On August 2, the US Department of State updated its worldwide terrorism warning for the first time since 2019 – terrorist groups around the world may be actively planning attacks on US interests. This follows news on July 31 that the leader of a major terrorist organisation was killed during a military operation in Afghanistan.
My flight is tomorrow, what does this all mean?
For starters, no new airspace warnings have been issued due to the recent events. But it is equally important that operators (especially N-registered ones) heed the information that is already out there.
This comes from a combination of FAA SFARs, KICZ Notams and Background Information notes.
In the most dangerous airspace, the FAA bans US operators at all levels. In which case, the decision to overfly is an easy one because it has already been made for you. You just can’t do it.
But it’s not always that clear cut. Risk may be present, but not enough of it to justify closing entire pieces of airspace. So the FAA carries out assessments and decides on what precautions operators should take to stay safe.
This is where the lines start to get a little blurry because these assessments take time, and security risks can evolve more quickly than the papers can be signed. In other words, what was safe yesterday may not be safe today.
And so operators may need to re-evaluate their exposure to known risks, based on what is happening right now. With that in mind, here are some hotspots US aircraft are permitted to overfly that we think deserve a second look.
Back in October, the FAA lifted its long running Notam barring US operators from entering the ORBB/Baghdad FIR. The SFAR is now in effect, meaning overflights are technically okay provided you stay above FL320. But just because you can, doesn’t mean you should.
Militant groups are active throughout the country and are known to have access to anti-aircraft weaponry. The have also have a proven track record of targeting US interests in the country. Scour through the OPSGROUP archives and you’ll see report after report of rocket, drone and mortar attacks on ORBI/Baghdad along with other regional airports.
Our advice hasn’t changed – avoid overflights at all levels if possible. Although the eastern airways UM860, UM688 and UL602 are frequently used and considered safe options by some major carriers.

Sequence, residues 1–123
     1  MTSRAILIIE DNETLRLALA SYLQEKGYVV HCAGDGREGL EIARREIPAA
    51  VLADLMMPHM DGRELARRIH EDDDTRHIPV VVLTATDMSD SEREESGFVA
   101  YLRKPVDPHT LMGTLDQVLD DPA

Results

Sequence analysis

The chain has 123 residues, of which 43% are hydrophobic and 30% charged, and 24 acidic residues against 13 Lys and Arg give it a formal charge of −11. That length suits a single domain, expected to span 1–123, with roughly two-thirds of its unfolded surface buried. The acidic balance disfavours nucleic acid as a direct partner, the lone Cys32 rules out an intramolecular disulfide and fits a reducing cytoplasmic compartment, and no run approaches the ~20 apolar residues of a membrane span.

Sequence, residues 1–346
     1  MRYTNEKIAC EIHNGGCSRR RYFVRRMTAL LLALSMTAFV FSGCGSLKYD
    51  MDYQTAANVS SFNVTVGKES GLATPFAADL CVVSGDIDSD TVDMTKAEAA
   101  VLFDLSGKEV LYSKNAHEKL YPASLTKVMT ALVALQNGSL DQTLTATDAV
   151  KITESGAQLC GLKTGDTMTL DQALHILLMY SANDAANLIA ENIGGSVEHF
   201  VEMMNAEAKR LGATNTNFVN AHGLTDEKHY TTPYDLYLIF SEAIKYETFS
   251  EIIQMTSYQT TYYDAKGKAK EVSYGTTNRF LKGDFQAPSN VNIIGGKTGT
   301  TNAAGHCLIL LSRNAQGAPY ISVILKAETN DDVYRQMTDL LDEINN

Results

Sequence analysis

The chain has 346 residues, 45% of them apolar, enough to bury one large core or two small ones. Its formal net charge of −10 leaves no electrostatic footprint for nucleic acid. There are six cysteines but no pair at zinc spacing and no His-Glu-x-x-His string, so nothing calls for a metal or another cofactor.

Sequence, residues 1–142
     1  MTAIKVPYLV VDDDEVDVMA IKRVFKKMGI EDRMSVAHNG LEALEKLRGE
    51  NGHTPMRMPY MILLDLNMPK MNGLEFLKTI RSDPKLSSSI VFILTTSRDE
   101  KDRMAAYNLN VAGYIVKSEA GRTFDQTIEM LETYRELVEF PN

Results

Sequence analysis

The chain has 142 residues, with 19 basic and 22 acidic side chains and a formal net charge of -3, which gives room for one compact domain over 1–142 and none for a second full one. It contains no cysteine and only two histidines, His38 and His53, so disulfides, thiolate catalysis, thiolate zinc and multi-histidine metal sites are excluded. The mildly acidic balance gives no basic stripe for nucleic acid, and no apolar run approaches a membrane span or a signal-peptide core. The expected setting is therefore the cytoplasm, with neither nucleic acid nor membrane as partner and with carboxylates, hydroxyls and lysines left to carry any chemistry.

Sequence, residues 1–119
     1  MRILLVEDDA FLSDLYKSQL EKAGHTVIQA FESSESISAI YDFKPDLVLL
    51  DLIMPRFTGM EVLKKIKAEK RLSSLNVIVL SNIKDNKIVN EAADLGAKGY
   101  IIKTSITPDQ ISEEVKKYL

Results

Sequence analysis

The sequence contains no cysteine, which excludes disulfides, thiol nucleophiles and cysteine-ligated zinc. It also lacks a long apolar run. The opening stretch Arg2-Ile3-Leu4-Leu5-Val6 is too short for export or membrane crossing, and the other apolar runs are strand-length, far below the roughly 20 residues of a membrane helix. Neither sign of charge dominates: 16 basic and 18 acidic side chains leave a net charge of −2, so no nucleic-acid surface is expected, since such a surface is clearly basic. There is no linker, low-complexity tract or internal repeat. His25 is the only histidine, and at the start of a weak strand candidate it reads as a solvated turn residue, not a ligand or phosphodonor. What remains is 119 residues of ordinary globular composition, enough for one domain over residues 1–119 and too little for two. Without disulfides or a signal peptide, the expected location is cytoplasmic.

The FAA currently advises US operators to use extra caution if overflying Mali below FL260. The main issue is the ever-fragile security situation on the ground. The FAA cites extremist or militant groups that may actively target civil aircraft with various weapons.
And things seem to be getting worse. On July 29, the US Embassy ordered the urgent departure of non-emergency US Government employees due to the risk of terrorism. Which is a warning sign for us that these risks may be escalating.
The FAA currently allows US operators to overfly the HCSM/Mogadishu FIR above FL260. It’s important to remember though that the security situation on the ground there is unstable – especially since a controversial election back in April.
Terrorist groups are active in the country, and may have been motivated by recent events. These groups have a proven track record of targeting civilians and aviation interests. In June this year news broke that several local carriers were considering suspending flights over security concerns onboard aircraft and at airports.
There is also currently an active trial of Class A airspace throughout the Mogadishu FIR, which means Somalia may be seeing higher numbers of overflights than normal. The problem is that emergencies and diversions may put aircraft at risk, especially US-registered tail numbers.
Back in March the FAA lifted its airspace warning for the HECC/Cairo FIR. It previously advised operators to stay above FL260 over the Sinai Peninsula – in the east of the country dividing the Red Sea from the Med.
The issue was the presence of extremist groups who may attempt to target civil aircraft. It’s not clear what improvements led to the warning being lifted, but other countries have kept theirs in place – including the UK and Germany.
Recent events have proven that all is not well. An attack in Western Sanai in May this year was one of the most significant in the past two years – and was a clear indicator that terrorist groups are still active in the region. If they have been motivated by the happenings in Afghanistan, this may put aircraft at renewed risk.
Where else to look.
As things change, airspace warnings get updated. For US operators the starting point is here – it contains everything officially put out by the FAA.
More on the topic:
- More: Airspace Risk: Conflict Zones and Security in 2023
- More: Rebels Resurgent: Increasing Airspace Risk in DRC?
- More: Airspace Risk: Conflicts to watch in 2022
- More: Beyond Covid: The Biggest Security Risks We Face Right Now
- More: Any Single Pilots Out There?